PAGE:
But I think my real world-building disappointment is that they don't really use that juxtaposition between our world and the fairy tale world. For most of the characters, it's not a real fish-out-of-water situation because the curse gave them fake memories of having always lived in this town, and they retain those memories as well as the real memories of having lived there, so they know how to use things like cars and phones. But we don't really get any reaction from the fairy tale people to our world. You'd think there would be some comparing and contrasting going on. The Evil Queen set herself up as mayor through the curse, but after the curse was broken, there was one brief moment when she's ousted by the angry townspeople, and then she's right back in office, with no one questioning her. Is that because the writers forgot or because the people haven't wrapped their minds around the fact that they now live in a democracy? Would they try to re-create their way of life in a modern American town or embrace the new life? They've done a few little things -- Prince Charming in our world becomes a deputy sheriff, and he wears a shoulder holster with a gun and carries a sword -- but they really don't let themselves have fun with the premise of fairy tale characters in our world.
Even when they get temporarily sent home, we don't get to see their reactions to the change. Is there something from our world they might try to establish in theirs? For instance, when the curse takes Snow White to our world, she has a short pixie haircut, but in her home world, she has long princess hair. We don't know what she thinks of this -- is she horrified by losing all her hair and trying to grow it out, or does she discover she loves how easy it is to deal with? We don't know, other than that she doesn't cut her hair off when she gets back home.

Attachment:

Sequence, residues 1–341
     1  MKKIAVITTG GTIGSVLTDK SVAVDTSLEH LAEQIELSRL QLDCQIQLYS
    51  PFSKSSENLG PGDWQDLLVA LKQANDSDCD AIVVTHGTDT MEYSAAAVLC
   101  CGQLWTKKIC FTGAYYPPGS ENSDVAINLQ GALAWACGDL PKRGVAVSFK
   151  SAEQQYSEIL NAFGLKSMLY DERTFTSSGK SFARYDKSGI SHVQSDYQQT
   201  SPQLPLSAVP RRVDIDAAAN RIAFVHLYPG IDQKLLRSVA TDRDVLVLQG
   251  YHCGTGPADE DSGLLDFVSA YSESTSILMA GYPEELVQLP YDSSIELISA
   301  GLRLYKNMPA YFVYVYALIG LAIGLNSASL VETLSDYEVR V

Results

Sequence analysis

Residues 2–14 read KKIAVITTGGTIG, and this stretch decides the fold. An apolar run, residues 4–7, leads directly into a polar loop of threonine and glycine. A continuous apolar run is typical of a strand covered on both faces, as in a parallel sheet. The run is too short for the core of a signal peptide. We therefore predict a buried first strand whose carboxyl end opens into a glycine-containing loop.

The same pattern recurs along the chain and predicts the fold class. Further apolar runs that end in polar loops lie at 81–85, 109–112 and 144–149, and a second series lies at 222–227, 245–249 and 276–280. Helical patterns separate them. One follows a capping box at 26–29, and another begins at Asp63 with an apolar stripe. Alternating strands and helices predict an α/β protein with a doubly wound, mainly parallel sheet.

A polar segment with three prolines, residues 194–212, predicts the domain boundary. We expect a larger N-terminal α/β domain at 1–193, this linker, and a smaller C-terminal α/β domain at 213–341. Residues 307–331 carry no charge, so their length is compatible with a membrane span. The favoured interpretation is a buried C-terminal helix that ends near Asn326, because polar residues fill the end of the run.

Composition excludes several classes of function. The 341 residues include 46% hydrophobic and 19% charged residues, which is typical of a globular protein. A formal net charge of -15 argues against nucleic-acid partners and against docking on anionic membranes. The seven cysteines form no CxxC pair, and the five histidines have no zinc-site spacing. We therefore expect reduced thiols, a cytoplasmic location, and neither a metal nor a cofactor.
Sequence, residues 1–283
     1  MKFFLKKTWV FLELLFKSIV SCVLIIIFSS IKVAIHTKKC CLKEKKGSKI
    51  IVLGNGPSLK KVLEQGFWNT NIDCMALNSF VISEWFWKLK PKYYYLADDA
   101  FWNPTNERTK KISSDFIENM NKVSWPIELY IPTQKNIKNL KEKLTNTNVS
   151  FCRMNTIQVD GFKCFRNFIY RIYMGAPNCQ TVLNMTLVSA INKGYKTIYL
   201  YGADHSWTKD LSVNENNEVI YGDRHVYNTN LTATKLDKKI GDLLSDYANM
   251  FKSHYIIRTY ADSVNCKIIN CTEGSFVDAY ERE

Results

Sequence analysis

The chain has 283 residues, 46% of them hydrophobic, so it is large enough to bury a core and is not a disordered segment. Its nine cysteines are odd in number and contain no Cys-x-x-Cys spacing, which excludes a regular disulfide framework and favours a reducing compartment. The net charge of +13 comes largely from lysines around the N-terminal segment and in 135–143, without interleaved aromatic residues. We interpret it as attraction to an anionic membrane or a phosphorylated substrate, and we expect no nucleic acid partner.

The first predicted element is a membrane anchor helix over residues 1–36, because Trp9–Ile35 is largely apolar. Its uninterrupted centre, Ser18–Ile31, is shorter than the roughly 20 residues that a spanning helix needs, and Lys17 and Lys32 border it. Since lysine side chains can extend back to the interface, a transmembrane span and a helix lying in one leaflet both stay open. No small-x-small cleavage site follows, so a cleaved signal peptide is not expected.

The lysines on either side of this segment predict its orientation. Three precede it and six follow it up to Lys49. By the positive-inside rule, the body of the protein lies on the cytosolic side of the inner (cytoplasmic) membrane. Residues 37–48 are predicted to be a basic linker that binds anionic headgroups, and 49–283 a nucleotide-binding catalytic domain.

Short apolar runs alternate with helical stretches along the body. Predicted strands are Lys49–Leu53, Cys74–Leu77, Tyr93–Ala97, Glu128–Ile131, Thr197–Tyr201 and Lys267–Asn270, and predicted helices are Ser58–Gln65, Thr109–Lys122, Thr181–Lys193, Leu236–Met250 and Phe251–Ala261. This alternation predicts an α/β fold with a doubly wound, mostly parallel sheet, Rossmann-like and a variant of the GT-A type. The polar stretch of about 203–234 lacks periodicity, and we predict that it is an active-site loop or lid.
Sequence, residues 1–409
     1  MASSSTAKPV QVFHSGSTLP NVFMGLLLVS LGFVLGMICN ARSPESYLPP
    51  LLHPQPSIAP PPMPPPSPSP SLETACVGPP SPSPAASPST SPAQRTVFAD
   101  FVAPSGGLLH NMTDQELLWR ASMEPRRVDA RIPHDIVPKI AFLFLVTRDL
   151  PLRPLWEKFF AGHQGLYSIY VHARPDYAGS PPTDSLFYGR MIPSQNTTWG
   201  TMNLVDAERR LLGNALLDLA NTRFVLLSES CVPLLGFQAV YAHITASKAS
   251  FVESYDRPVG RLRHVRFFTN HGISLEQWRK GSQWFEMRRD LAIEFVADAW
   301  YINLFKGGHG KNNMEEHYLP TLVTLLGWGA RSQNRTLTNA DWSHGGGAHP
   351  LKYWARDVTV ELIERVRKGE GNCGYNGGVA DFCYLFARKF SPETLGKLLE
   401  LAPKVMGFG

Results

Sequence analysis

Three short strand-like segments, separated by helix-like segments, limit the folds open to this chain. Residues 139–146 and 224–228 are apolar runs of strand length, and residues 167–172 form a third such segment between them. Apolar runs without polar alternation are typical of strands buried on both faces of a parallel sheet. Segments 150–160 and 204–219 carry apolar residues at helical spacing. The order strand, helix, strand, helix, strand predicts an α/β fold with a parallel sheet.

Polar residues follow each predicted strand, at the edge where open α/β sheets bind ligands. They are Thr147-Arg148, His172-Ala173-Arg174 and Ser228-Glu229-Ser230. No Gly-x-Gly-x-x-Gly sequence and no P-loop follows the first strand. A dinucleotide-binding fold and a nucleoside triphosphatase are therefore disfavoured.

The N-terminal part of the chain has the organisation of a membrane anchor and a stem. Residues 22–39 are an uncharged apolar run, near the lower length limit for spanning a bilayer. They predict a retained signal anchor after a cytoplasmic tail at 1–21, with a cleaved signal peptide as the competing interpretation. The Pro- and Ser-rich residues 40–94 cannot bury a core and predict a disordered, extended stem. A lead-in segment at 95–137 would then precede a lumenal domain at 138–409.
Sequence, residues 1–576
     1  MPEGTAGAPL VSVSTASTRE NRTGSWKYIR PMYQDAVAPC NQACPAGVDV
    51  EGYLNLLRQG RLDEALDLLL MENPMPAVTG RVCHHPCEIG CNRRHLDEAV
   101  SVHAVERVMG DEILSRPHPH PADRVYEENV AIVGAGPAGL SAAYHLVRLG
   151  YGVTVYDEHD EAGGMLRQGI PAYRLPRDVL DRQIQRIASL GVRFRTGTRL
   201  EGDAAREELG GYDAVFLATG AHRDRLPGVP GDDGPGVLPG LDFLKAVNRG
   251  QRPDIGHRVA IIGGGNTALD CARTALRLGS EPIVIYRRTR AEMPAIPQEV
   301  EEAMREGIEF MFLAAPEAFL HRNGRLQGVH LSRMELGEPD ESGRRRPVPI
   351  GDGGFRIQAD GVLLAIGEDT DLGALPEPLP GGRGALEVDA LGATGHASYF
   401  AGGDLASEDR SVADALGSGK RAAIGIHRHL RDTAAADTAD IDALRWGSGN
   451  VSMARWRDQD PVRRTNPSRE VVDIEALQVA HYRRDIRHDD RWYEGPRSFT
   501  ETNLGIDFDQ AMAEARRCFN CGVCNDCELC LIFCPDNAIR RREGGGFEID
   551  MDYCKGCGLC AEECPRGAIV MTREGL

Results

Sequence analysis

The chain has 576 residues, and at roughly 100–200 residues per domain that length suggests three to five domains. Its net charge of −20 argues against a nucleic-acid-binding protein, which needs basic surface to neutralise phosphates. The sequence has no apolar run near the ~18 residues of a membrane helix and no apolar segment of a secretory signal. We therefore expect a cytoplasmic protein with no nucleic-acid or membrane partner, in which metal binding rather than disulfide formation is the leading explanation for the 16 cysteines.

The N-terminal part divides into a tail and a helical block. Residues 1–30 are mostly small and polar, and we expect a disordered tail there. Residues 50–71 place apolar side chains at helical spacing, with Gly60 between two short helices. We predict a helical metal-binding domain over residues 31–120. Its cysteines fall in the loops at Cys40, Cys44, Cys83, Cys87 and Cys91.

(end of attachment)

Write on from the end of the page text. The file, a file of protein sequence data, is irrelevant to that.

Even when they do have a character who's a fish out of water, who doesn't have any cursed memories, we don't get to see them interacting with or reacting to our world. Captain Hook has traveled back and forth via portal, and his only reaction to dealing with modern America is being a bit baffled by hospital Jello. Now, some of that is in character, as he's very clever and observant and also not one to let on that he has any weakness, so he'd figure things out as he goes and not let anyone see him react with shock, but still, you'd expect at least something from a guy who's not only in a different world, but who's out of time even in his own world (thanks to a long sojourn in Neverland), and it mostly comes across as the writers forgetting that this one character is in an entirely different situation from the rest of the cast.
There's so much potential here that they've forgotten about or neglected entirely, mostly because I get the impression that the writing staff has the attention span of toddlers with ADD who've eaten too much sugar, so they're always rushing off to the next shiny story idea before they finish adequately telling the previous one. I do recognize the impulse when you get the shiny new idea midway through a story, but it really is like the moment they get a shiny new idea, they handwave a quick resolution to the current storyline and then jump to the next one.
And then there's the wonky morality, but that's another rant entirely.